Democratic U.S. Rep. Chellie Pingree announced Tuesday that she’s not running for governor. The decision ends widespread speculation about her intentions and leaves intact a crowded field of 22 declared candidates, including 10 Democrats.
Pingree says her decision to stay out of what’s expected to be a wild governor’s race is because the progressive struggle is acutely focused on Congress and the White House.
“The dangers we are facing right now as a nation, and a state, the challenges that we have in front of us with this crazy administration and real work that needs to be done that hasn’t been done by this Congress,” she said. “I want to continue the fight, whether it’s on global warming or the cost of health care, trying to restore the middle class and fight back against this tax cut, which is going to decimate our middle class. There is so much work to be done.”
Pingree’s reasoning, posted in a video message, was similar to that of Republican U.S. Sen Susan Collins, who in the fall also spurned the temptation to replace Republican Gov. Paul LePage, whose second term ends next year. But unlike Collins, who openly flirted with a gubernatorial bid for the better part of a year, Pingree made her decision after publicly floating her possible candidacy two weeks ago.
“While it would be wonderful to run across the state, to run for governor of the state of Maine — we really need someone who can undo the damage that this governor has done to our state — there are some great Democratic candidates out there and I have no doubt that one of them will make a wonderful governor,” she said.}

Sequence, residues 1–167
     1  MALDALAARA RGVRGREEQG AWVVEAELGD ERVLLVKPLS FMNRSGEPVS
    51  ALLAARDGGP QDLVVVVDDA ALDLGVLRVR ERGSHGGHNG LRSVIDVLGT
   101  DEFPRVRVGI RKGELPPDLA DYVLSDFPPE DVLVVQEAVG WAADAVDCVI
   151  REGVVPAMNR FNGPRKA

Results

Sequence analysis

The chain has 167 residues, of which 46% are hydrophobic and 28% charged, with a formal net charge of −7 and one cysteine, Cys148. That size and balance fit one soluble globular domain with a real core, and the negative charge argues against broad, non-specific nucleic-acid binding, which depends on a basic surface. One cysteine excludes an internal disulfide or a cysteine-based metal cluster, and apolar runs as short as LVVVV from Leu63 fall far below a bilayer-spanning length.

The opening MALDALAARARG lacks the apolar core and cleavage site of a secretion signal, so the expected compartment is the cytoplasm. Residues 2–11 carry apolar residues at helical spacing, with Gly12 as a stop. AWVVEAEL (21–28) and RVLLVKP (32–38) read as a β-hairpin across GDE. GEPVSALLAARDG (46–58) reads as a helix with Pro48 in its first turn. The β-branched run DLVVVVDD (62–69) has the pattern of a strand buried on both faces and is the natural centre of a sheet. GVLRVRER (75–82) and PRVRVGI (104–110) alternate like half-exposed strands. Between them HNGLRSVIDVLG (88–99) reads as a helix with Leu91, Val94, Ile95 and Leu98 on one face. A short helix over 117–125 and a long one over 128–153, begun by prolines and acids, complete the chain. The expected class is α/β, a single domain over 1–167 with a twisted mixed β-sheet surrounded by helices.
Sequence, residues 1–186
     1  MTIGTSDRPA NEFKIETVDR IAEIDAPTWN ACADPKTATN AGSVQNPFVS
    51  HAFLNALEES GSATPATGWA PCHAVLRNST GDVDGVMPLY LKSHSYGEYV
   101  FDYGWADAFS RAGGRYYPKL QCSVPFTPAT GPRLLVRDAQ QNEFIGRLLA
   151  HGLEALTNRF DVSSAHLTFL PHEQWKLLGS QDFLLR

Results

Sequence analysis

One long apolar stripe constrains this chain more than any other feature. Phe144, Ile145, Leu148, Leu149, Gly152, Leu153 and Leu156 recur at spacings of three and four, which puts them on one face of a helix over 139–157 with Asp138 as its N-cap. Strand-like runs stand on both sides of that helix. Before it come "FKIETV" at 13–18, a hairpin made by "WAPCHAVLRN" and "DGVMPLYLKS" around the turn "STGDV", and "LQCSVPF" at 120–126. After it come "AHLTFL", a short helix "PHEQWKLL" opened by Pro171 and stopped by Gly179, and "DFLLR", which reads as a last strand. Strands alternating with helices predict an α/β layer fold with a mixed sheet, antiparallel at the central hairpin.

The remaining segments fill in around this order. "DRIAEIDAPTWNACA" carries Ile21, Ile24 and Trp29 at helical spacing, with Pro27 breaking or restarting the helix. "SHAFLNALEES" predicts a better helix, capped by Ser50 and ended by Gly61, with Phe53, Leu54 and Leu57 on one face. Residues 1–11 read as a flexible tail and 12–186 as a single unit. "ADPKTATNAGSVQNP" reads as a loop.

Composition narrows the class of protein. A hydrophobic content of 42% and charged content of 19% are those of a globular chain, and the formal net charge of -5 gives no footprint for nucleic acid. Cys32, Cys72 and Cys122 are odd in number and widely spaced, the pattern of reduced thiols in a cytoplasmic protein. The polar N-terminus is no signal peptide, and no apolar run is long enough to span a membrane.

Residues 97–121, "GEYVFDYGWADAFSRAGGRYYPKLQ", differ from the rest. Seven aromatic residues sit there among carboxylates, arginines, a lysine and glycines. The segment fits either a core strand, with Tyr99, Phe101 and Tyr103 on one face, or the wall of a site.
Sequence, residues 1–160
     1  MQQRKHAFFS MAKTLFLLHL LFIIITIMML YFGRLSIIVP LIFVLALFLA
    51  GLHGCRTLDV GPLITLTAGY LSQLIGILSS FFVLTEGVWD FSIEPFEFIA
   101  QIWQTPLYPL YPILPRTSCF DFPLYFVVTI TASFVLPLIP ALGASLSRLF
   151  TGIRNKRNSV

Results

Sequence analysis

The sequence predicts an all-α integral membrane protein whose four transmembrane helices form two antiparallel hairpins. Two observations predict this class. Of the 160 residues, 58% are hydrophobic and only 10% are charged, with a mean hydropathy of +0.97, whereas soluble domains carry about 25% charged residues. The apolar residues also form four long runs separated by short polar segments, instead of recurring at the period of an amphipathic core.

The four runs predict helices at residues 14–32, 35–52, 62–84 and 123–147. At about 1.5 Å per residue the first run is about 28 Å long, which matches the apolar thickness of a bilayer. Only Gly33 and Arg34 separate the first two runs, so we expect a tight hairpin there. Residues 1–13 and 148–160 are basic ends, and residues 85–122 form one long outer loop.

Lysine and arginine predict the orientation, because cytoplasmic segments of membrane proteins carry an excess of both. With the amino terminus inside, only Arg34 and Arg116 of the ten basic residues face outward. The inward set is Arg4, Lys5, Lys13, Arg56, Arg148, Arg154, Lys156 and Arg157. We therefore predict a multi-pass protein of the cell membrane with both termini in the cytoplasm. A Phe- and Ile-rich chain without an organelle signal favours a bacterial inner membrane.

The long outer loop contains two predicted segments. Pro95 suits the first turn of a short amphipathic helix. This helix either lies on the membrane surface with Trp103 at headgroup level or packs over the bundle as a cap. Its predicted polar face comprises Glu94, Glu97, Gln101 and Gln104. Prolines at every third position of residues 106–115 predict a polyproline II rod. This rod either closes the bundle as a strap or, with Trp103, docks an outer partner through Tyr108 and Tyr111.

The quick turnaround of Pingree’s announcement was a sharp contrast to Collins, who drew out the suspense for months before announcing her decision at a business event in Rockport that garnered national media coverage.
Both women were arguably their parties’ top prospects to replace LePage next year. But both may have had other reasons to stay out of the governor’s race.
Collins was considered a favorite to win the contest, but only if she could woo GOP primary voters sometimes hostile to her image as a moderate.
It was the opposite for Pingree.
Her consistent positions on progressive policy issues would have made her the favorite in the Democratic primary.
But Pingree’s reputation as a liberal champion may also have given her trouble in the general election, especially in parts of the state that last year voted for President Donald Trump and LePage twice before that.